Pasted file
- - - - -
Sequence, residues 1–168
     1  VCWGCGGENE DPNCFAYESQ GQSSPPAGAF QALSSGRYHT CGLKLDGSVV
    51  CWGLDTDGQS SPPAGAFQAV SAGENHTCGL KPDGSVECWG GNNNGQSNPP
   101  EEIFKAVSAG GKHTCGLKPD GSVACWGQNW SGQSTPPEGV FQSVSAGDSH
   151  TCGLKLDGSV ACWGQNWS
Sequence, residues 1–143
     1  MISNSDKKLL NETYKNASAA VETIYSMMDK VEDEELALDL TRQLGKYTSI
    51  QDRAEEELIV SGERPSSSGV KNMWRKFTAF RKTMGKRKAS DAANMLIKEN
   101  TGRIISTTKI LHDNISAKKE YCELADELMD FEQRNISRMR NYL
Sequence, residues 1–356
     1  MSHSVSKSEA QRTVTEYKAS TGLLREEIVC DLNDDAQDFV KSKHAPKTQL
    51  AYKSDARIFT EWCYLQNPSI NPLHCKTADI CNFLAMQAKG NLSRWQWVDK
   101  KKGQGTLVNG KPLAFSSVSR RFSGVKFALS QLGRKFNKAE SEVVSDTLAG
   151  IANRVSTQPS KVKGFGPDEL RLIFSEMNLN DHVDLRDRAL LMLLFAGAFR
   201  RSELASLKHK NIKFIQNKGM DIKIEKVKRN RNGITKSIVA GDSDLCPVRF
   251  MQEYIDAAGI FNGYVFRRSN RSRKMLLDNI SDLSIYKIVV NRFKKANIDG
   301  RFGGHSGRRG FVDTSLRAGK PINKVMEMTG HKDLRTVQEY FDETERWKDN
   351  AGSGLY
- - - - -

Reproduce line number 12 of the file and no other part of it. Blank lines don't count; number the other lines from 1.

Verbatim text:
    51  AYKSDARIFT EWCYLQNPSI NPLHCKTADI CNFLAMQAKG NLSRWQWVDK